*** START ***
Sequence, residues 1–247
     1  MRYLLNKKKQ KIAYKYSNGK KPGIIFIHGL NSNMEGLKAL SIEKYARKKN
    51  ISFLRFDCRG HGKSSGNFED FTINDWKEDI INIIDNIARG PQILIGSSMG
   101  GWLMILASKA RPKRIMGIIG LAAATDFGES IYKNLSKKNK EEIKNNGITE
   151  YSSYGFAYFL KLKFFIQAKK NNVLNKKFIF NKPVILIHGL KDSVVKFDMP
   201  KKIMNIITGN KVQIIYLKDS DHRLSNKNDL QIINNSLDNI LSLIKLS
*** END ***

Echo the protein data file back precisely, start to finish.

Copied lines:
Sequence, residues 1–247
     1  MRYLLNKKKQ KIAYKYSNGK KPGIIFIHGL NSNMEGLKAL SIEKYARKKN
    51  ISFLRFDCRG HGKSSGNFED FTINDWKEDI INIIDNIARG PQILIGSSMG
   101  GWLMILASKA RPKRIMGIIG LAAATDFGES IYKNLSKKNK EEIKNNGITE
   151  YSSYGFAYFL KLKFFIQAKK NNVLNKKFIF NKPVILIHGL KDSVVKFDMP
   201  KKIMNIITGN KVQIIYLKDS DHRLSNKNDL QIINNSLDNI LSLIKLS